Researchers from Zhejiang University, Kunming Institute of Zoology, Northwest University, and Yunnan University, Aarhus University, and BGI-Research have jointly led a series of significant new studies are published in a special issue of the journal Science, and in papers in Nature Ecology & Evolution and Science Advances.

Co-led by Guojie Zhang from Centre for Evolutionary & Organismal Biology at Zhejiang University, Dong-Dong Wu at Kunming Institute of Zoology, Xiao-Guang Qi at Northwest University, Li Yu at Yunnan University, Mikkel Heide Schierup at Aarhus University, and Yang Zhou at BGI-Research, the Primate Genome Consortium reported a series of publications from its first phase program. The program includes high quality reference genomes from 50 , of which 27 were sequenced for the first time. These studies provide new insights on the speciation process, , social , sex chromosomes, and the evolution of the brain and other biological traits.

The comparative analysis of primate genomes within a phylogenetic context is crucial for understanding the evolution of the human genetic architecture and the inter-species genomic differences associated with primate diversification. Previous studies of primate genomes have focused mainly on primate species closely related to humans and were constrained by the lack of broader phylogenetic coverage.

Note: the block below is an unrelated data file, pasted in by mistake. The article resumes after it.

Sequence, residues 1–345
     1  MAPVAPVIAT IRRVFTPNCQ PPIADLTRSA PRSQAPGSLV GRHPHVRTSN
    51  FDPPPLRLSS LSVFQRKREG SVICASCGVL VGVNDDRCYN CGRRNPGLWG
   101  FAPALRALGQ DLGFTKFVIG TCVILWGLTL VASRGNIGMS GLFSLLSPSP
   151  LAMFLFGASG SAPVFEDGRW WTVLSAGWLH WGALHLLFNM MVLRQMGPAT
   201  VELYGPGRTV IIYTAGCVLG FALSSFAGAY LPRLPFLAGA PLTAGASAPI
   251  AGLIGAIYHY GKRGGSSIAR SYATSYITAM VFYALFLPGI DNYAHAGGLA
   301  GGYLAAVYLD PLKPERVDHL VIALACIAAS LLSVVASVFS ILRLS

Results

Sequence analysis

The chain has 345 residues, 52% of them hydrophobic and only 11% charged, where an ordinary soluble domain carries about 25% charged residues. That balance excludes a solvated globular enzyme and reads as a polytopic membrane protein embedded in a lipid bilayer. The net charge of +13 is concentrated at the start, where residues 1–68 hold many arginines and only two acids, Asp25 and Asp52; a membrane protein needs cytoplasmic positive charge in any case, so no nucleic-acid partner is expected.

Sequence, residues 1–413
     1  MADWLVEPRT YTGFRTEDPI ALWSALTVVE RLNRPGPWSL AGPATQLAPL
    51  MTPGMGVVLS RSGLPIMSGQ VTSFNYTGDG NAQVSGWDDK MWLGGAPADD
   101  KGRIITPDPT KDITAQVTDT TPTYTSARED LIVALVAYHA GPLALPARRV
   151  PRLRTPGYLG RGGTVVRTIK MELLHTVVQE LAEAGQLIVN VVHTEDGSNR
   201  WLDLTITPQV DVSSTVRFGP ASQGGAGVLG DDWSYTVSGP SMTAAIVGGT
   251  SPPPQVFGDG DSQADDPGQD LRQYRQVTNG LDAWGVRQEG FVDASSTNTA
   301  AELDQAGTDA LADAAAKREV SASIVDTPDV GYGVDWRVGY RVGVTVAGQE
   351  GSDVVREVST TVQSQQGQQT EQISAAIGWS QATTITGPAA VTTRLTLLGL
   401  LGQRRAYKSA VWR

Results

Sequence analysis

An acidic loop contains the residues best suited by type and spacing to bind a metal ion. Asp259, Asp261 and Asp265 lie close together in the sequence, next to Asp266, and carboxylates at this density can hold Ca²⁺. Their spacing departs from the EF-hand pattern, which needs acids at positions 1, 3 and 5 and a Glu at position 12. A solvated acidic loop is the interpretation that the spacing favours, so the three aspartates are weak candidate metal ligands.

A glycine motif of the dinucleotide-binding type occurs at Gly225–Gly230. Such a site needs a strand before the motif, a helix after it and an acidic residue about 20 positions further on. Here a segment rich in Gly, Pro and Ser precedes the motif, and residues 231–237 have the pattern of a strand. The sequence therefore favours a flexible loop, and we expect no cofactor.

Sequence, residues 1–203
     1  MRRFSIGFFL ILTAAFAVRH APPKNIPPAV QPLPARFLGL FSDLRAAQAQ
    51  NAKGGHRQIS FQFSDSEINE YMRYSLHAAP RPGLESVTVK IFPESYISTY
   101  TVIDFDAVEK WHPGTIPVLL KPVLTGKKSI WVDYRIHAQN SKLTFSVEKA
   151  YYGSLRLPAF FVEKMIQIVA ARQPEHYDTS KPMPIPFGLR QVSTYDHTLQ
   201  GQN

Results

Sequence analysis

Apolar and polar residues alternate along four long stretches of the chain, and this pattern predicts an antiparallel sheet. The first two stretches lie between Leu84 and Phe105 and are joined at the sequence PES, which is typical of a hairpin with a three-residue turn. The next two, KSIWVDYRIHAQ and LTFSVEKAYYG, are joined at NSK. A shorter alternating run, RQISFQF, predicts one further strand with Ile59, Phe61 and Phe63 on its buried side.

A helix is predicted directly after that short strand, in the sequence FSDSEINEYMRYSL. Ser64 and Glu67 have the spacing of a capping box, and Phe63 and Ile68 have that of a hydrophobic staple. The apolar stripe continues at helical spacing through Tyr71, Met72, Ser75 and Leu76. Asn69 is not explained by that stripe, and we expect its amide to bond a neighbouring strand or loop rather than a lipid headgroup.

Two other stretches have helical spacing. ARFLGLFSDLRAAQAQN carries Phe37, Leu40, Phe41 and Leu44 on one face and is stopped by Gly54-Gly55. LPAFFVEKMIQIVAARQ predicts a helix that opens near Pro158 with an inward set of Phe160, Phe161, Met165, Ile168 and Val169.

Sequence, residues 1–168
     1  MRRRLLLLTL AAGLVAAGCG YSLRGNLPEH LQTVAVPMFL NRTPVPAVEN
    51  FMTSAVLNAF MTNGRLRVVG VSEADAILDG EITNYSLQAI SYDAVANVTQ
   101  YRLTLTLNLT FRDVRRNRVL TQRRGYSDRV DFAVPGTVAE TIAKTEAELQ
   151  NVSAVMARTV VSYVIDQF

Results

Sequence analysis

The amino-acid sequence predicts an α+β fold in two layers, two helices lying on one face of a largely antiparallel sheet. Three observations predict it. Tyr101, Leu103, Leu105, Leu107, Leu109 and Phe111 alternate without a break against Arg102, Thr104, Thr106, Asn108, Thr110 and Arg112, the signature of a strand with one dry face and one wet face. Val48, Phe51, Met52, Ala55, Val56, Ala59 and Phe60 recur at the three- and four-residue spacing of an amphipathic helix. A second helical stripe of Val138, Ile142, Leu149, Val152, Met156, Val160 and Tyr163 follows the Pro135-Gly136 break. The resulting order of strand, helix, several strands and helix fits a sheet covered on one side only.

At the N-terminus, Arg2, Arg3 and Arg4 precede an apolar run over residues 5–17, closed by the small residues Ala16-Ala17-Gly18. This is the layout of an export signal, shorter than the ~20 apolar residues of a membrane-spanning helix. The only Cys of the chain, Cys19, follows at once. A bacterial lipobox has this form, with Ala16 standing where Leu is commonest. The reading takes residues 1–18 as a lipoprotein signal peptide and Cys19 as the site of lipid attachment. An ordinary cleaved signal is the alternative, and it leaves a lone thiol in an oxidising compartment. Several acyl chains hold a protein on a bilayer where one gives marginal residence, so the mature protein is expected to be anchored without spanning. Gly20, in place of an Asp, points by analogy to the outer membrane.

Jun 1, 2023

Replacing driver hand gestures with holography

Posted by in categories: robotics/AI, transportation

How do you decide whether a pedestrian needs to wait or it’s safe to cross the road in front of a car? In today’s world, drivers and pedestrians simply exchange a brief eye contact or small hand gestures to express their intentions to one another. But how will future autonomous cars communicate? Researchers involved in the MaMeK project are seeking to answer this question. They will present their findings at the LASER World of PHOTONICS trade fair in Munich from June 27 to 30 (Booth 415, Hall A2).

Imagine a situation in which a cyclist isn’t sure whether an approaching car giving him way or not—but then a bright projection appears in front of the vehicle, indicating that it has detected the bike and is waiting for it. This is one example of how cars and humans might communicate with one another on the streets of the future.

Together with his team at the Fraunhofer Institute for Applied Optics and Precision Engineering IOF in Jena, Norbert Danz is looking at scenarios of this kind within the MaMeK joint project, which is focusing on projection systems for human-machine communication and involves partners including Audi AG. Two technological approaches are being pursued as part of this: displays shown directly on the car itself and holographic projections on the ground surrounding the vehicle. Fraunhofer IOF is responsible for the technology on which the latter of these cases is based.

Page 2 of 9,17812345678Last